"Here was a poser! King James, who was always very nervous on the subject of regal prerogative, saw that his champion was staggering under that stunning fact; and, to save him, cried out in a passion,-- Profecto fuit hoc ab Ambrosio insolentissime factum. [“Verily, this was a great piece of insolence on the part of Ambrose!"] To this, Dr. Richardson calmly rejoined,-- Responsum vere regium, et Alexandro dignum; hoc est non argumenta dissolvere, sed desecare. [“A truly royal response, and worthy of Alexander! “This is cutting our knotty arguments, instead of untying them."] And so taking his seat, he desisted from further discussion." McClure

King James I

Here was a subject remonstrating with his King yet, while holding his own, still showing the humility of a spirit submissive to lawful authority.

Contribution to the KJV translation

Richardson as a skilled linguist served in the first Cambridge Company, appointed by King James I with the translation of the Old Testament books, from Chronicles to Song of Songs. Their love of balanced lines in free-verse couplets is shown in the way they rendered the Psalms, conspicuously improving on the Geneva Bible. This Cambridge Group had a masterly poetic touch with English words and sounds, and it is well illustrated in the lush and concrete love-poems of the Song of Songs. Balanced lines and free verse couplets - these rendered the parallelism of, for example, Psalms 23 and 121. More lyrical than:

Doubtless kindness and mercy shall follow me all the days of my life, And I shall remain a long season in the house of the Lord.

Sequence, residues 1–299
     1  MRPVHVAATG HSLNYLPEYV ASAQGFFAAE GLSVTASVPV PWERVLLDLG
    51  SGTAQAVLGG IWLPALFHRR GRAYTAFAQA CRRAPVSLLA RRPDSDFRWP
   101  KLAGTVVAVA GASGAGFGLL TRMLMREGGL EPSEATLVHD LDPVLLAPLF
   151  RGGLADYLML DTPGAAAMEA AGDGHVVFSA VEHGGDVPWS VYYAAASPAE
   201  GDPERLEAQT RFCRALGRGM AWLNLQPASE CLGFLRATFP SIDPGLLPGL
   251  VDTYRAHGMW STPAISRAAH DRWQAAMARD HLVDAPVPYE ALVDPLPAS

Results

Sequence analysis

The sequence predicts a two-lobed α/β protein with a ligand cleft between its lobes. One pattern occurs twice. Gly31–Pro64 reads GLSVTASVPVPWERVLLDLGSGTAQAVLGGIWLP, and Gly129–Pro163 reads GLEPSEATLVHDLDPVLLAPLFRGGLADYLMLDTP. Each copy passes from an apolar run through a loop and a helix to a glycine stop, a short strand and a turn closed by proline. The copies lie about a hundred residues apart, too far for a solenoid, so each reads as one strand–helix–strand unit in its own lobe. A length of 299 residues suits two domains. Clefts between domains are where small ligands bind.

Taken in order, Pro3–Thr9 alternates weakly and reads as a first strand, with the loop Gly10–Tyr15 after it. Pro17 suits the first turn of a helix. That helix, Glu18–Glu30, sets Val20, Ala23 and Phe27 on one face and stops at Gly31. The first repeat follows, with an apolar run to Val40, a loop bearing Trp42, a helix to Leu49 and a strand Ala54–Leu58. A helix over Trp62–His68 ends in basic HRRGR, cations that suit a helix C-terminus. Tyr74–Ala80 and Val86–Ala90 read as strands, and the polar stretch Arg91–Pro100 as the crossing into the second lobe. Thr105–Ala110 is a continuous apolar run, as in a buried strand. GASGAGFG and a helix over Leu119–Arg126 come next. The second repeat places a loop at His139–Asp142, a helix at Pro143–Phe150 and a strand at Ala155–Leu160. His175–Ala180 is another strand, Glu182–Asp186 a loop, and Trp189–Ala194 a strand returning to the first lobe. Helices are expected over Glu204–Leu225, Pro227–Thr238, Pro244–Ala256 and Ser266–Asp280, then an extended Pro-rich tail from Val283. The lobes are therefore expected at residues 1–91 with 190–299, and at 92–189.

You can surely recite the KJV by heart? Whereas the Geneva Bible rendered Psalm 121 as:
I will lift mine eyes unto the mountains, From whence my help shall come,
the rhythm of the KJV improves it:
I will lift up mine eyes unto the hills, From whence cometh my help.

Theological concerns

Richardson attracted some obloquy as one of the first Cambridge theologians to take up an Arminian position, and he was a popular theologian. The Puritans called him “a fat-bellied Arminian.” However, there’s no evidence he got into cantankerous debate with such men as Laurence Chaderton (of Emmanuel). Rather, he seems to have been well liked by his peers. Nicolson has him “increasingly ceremonialist and fat.”

Richardson shared an Arminian view of salvation with John Bois and John Overall, Richard Thompson and many of the translators, over against the Calvinistic convictions of such scholars as Samuel Ward, Laurence Chaderton, and George Abbot. (1)

Last days

John Richardson died in Cambridge in 1625 and was buried in Trinity College chapel. Emmanuel and Peterhouse were beneficiaries of his will.

(1) Payne, Gustavus, (1959/1977)The men behind the King James version, MI: Bakerpp. Pp. 56-58, 141